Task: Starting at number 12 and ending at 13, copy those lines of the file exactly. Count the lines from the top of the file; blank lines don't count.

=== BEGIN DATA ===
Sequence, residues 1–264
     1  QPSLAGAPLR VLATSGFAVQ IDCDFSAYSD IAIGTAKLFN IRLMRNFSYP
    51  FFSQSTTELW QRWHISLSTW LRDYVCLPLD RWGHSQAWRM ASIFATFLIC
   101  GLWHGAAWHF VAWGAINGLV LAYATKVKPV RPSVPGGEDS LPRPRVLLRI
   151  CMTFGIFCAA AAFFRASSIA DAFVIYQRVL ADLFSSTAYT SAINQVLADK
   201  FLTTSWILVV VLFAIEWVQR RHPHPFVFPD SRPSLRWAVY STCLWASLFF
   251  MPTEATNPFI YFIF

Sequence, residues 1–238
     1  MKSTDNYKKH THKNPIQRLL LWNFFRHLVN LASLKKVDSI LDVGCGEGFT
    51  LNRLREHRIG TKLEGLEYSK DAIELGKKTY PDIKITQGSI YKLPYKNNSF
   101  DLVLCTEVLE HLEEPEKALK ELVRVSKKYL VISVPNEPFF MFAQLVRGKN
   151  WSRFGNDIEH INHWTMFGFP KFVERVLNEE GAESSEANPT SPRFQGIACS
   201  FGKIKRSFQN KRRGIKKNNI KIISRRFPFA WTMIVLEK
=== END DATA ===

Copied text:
   151  WSRFGNDIEH INHWTMFGFP KFVERVLNEE GAESSEANPT SPRFQGIACS
   201  FGKIKRSFQN KRRGIKKNNI KIISRRFPFA WTMIVLEK